In other words, should I be wary of internships that do not place importance on or offer mentorship to their interns?
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It certainly is a wonderful thing if a mentoring program exists along with an internship, but I would not call it a dealbreaker if it isn't there.
Mentorship is something I believe we should all seek at any level of our career, and it is not always going to be available formally. You are ultimately in charge of your own career. If you need help for a specific task or accomplishing a certain goal, think about the people you know and decide on someone you could ask to help you. It could be someone you meet during your internship, or maybe someone else you know and admire. There doesn't have to be something formal available for you to develop a relationship with someone to help you in your career. You might even find that many peope help you in different, small ways over time. It is certainly helpful, especially if you are early on in your career, if a formal program exists to facilitate a mentorship. But a formal program is not a guarantee that you will mesh well with your mentor and gain a lot from the experience. In that respect, you may be better off choosing someone you know and trust.
It varies by career, but remember that a mentor does not necessarily need to be in your field of work. A mentor's job is essentially to help you think through issues, ask you questions to guide your thought process, and help you develop a plan to reach your goals. It can be far better to talk to someone with whom you have a good rapport and a trusting relationship but is not in your field, than someone in your field whom you don't find particularly helpful.
I used to work for a company where interns were brought in and had very little guidance or direction. If you're a self-starter that could be great, but when you're in college and don't know much about the industry you need someone to show you the ropes.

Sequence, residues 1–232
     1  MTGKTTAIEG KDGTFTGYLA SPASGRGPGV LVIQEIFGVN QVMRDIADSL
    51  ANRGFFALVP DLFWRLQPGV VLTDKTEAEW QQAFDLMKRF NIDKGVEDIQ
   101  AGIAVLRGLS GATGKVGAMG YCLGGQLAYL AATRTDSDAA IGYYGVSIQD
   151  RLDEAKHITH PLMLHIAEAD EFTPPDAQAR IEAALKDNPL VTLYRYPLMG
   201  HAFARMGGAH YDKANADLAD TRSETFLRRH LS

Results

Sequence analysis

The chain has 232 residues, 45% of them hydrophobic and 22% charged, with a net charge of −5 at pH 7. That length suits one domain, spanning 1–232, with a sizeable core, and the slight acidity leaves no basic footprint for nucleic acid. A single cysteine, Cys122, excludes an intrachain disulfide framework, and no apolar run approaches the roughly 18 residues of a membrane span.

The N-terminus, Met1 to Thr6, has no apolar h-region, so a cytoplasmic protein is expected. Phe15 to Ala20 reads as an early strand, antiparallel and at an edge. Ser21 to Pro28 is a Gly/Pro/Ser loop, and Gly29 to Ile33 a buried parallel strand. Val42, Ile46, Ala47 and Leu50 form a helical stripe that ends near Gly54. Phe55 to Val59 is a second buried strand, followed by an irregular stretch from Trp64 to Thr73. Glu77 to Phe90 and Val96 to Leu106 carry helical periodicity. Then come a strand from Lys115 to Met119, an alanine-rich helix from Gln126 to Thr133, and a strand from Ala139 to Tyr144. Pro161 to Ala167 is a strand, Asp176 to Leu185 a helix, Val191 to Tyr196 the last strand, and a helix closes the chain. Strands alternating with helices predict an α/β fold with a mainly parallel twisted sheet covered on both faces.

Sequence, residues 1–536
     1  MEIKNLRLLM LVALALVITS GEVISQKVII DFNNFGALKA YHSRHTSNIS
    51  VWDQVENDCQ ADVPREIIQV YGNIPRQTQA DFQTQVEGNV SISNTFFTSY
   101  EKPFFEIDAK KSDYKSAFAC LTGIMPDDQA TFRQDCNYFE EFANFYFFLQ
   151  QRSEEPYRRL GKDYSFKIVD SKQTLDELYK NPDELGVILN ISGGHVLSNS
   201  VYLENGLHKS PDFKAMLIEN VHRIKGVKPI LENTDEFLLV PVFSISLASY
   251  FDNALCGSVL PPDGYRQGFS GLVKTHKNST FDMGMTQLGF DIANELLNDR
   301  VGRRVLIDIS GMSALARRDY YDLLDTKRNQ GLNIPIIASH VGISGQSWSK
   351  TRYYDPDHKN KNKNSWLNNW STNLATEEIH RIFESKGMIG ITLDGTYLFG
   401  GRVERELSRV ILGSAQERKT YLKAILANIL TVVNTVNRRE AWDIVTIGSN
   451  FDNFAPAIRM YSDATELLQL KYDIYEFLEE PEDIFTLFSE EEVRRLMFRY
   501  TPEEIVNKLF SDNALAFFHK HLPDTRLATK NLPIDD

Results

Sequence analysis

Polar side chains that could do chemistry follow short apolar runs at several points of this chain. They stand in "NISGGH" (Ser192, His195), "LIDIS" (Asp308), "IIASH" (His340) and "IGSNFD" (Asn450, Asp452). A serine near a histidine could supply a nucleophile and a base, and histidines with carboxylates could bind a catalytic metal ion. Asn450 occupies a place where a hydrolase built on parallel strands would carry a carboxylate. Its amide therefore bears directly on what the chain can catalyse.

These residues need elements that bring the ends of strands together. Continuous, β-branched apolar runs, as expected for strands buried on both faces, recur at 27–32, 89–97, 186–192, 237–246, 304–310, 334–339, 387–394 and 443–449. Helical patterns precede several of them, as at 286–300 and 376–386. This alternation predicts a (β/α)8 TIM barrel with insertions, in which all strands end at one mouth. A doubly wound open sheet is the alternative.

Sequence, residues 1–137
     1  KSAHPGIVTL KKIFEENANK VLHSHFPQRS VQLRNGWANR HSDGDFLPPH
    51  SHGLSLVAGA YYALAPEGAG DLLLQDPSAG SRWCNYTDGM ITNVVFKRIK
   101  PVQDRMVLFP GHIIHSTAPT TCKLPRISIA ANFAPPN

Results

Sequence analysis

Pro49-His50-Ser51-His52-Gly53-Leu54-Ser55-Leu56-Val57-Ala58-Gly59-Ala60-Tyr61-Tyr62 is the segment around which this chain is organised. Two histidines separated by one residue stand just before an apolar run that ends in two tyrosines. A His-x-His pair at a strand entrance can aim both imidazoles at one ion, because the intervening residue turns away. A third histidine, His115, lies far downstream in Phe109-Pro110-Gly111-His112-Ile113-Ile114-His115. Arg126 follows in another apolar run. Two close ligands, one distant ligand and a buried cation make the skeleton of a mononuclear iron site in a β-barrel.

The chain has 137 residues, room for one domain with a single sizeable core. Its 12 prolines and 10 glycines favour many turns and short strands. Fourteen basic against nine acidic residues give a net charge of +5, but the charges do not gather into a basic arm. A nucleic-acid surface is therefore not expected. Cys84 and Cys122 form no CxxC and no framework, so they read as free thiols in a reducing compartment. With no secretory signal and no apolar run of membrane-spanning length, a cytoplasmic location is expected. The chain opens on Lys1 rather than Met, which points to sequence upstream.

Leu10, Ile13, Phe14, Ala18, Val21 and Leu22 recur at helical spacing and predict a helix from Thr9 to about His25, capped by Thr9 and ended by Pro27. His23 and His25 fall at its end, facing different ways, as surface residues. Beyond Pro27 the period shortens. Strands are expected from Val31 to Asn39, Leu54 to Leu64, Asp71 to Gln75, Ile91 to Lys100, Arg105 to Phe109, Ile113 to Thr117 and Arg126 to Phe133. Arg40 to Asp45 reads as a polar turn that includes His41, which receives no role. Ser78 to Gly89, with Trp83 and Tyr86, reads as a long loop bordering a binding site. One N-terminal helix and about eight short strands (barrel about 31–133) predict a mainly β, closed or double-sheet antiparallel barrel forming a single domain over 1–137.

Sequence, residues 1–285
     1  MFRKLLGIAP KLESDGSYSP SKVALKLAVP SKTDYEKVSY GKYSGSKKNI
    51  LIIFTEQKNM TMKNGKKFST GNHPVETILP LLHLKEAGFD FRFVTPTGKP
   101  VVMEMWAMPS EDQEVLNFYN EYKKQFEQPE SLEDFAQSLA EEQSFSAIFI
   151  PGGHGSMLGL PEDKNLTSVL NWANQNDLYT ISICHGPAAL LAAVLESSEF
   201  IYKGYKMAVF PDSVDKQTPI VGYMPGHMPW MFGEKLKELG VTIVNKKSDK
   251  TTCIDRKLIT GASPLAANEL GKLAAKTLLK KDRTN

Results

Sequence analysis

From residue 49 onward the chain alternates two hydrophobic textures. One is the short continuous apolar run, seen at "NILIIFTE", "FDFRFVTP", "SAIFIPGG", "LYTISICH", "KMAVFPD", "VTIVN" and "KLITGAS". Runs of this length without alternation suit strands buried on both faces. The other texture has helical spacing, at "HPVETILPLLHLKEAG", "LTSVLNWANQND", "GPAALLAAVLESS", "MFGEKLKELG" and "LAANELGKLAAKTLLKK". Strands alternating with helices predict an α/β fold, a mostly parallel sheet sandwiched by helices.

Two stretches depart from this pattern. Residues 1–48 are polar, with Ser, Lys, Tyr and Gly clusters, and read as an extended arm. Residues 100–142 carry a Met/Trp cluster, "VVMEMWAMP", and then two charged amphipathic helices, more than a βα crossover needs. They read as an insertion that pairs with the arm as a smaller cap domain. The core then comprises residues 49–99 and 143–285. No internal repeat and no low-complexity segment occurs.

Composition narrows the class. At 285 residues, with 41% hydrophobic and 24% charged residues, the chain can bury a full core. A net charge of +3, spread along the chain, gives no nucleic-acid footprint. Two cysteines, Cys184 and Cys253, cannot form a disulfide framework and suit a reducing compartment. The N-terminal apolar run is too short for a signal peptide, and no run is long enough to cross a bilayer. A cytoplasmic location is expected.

My first internship was in engineering and I was assigned a mentor who was in the same group and 5-10 years older. I remember him taking me out to lunch the first day where we devised a plan to learn the 3rd and 4th year engineering concepts while I was at work. He gave me some interesting reading material and we later had meetings where he would help me understand different concepts.
He went well out of his way to take me under his wing. If you have the opportunity to choose among multiple internship offers, definitely go with the one where you think you will learn more. The one thing I suggest to interns these days is to talk with people in the office in different groups. Take them out to lunch or coffee and ask them about what they do and how they got to where they're at now.
It depends on how many offers you have! Ultimately, internships are extremely important in helping place you in a job when you graduate. If you can intern in a smaller company, you will typically have a greater opportunity for hands on experience in your field. Also, you will have a better opportunity to develop relationships with your colleagues. However, formal mentoring programs are normally available only in very large structured organizations.